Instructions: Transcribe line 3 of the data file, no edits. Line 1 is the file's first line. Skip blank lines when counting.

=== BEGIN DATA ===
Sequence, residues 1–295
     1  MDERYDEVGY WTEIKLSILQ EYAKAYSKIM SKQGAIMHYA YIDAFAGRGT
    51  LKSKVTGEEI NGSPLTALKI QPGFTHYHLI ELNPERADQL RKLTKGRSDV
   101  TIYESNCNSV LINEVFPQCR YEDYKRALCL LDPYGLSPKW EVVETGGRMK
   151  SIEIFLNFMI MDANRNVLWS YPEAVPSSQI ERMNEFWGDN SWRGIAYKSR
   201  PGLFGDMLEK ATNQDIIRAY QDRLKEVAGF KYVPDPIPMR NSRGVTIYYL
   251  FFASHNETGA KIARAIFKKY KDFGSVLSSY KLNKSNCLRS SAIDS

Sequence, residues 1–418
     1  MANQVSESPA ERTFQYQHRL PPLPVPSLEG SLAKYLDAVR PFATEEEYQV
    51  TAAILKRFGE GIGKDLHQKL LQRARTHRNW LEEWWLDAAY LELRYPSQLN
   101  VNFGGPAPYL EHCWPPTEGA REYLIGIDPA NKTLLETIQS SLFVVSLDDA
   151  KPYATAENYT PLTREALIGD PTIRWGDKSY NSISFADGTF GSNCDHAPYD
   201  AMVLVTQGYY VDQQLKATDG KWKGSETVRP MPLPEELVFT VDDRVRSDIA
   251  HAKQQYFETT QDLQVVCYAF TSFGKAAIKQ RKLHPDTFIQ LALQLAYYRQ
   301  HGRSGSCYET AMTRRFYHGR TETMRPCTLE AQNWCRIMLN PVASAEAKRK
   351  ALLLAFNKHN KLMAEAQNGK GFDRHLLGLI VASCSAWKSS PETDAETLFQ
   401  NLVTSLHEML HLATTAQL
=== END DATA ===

    51  LKSKVTGEEI NGSPLTALKI QPGFTHYHLI ELNPERADQL RKLTKGRSDV